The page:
Providing an “unorthodox [way] to reflect, express and transform,” Jamika Smith continues to renew lives and furniture. As the founder of Teena’s Legacy, the Cartersville resident is delighted …
Providing an “unorthodox [way] to reflect, express and transform,” Jamika Smith continues to renew lives and furniture. As the founder of Teena’s Legacy, the Cartersville resident is delighted to lead the nonprofit’s 2018 Summer Apprentice Tour, which features four stops in Bartow County.
“The idea for Teena's Legacy started when my mother and I rescued a chaise lounge sitting in the alley near our home in Chicago, Illinois,” Smith said. “We then went to a hotel warehouse and found a bundle of some old hotel draperies for just $10 and used them to reupholster the chaise lounge. My mother still has that chaise lounge in her living room today, seven years later.
“I thought to myself, upholstery is one of those trades with a lot of worth and meaning behind it. That is when I was blessed with the idea to use upholstery as a conduit for self-reflection, self-expression and transformation. So today at Teena's Legacy, we use upholstery as a way to tell your story in a more innovative, creative and therapeutic way.”
Establishing Teena’s Legacy four years ago, Smith’s labor of love became a nonprofit in 2017. With the organization’s name, she paid tribute to her late grandmother, Alberteen “Teena” Stredrick, who emphasized the importance of self-sufficiency and also shared Smith’s interest of restoring furniture.
“Teena's Legacy Summer Apprentice Program started back in the summer of 2014 with four young women [with ages ranging] from 15 [to] 18 years in my living room in Chicago,” Smith said. “The second summer, we expanded into my basement and in 2016 my garage. In 2017, I ventured outside my home and rented out a space … [in] Chicago, and today, Teena's Legacy has its own home in 2018 in Cartersville, Georgia.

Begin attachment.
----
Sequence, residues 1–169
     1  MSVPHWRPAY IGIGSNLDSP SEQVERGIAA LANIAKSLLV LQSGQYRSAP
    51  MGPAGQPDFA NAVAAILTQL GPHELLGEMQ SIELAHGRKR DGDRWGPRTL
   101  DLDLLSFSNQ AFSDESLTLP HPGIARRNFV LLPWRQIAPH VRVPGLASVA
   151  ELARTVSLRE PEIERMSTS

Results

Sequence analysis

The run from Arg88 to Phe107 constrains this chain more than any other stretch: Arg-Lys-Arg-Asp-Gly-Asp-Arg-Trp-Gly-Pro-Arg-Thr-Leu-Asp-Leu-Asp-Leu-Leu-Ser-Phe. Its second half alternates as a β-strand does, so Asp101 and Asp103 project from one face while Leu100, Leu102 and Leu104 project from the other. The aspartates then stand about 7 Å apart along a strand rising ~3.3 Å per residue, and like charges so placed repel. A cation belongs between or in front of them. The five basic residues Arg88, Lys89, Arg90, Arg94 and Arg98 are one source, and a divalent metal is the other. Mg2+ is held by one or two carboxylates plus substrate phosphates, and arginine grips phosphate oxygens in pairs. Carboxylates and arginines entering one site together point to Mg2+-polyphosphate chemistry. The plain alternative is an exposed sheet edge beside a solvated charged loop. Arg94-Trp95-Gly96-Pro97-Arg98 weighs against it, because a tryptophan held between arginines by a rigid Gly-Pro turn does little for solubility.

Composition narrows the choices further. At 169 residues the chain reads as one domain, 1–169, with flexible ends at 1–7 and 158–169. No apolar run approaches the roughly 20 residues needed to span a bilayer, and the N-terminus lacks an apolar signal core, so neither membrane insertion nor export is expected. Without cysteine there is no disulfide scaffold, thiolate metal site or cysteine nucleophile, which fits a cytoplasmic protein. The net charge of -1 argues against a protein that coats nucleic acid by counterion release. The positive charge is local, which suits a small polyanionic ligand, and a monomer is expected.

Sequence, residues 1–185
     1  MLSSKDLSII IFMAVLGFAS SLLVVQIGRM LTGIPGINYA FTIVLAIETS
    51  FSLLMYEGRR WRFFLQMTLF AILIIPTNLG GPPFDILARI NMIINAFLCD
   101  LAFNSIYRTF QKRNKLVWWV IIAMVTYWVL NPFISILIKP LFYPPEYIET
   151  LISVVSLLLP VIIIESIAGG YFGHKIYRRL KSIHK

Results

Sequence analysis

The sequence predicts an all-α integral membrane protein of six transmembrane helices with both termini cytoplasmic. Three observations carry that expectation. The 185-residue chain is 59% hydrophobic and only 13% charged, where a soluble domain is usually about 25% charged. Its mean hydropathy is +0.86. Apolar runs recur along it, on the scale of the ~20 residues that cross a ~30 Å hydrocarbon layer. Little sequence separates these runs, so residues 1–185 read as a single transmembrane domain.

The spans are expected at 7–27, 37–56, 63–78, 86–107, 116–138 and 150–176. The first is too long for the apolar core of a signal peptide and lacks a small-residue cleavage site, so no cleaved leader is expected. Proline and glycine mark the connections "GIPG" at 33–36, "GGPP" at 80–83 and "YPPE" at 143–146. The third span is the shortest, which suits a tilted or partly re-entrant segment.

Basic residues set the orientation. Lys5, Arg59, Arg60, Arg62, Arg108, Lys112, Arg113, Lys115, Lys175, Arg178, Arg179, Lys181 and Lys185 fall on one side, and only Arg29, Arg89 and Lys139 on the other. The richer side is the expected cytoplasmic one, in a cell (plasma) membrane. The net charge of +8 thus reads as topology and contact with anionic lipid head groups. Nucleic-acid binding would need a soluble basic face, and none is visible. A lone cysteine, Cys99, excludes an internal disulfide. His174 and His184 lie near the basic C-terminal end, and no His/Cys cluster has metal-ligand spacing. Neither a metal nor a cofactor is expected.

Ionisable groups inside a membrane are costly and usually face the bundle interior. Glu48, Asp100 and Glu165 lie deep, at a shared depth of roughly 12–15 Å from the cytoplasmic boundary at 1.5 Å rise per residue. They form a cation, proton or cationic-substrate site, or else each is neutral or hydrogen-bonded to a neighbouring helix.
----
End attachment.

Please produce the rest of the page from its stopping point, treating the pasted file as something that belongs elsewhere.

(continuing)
“The idea was to create a space where young women could come and be safe enough to reflect and express themselves freely while reupholstering their chairs. Reupholstery has the potential to boost your self-esteem, sharpen your imagination and enhance your creative mind. It can also try the patience of your soul, test the skills of your hands and leave you with the rewards of a job well done as a long-lasting experience — along with teaching you patience, to pay attention to detail and think critically about who they are as … individuals. I continue to offer this program because the world needs innovation, someone who's open to step outside the box and provide a different way people can express themselves.”
Kicking off at Eckerd Connects Paxen June 4, the Teena's Legacy Summer Apprentice Tour also featured multi-day workshops at Bartow Family Resources and Allatoona Resource Center. At the ARC, six youth ranging in age from 8 to 16 took part in the Summer Apprentice Tour July 16 to 18. After disassembling chairs provided by the center, students sanded the furniture then created designs on blank canvases that covered the items’ cushions.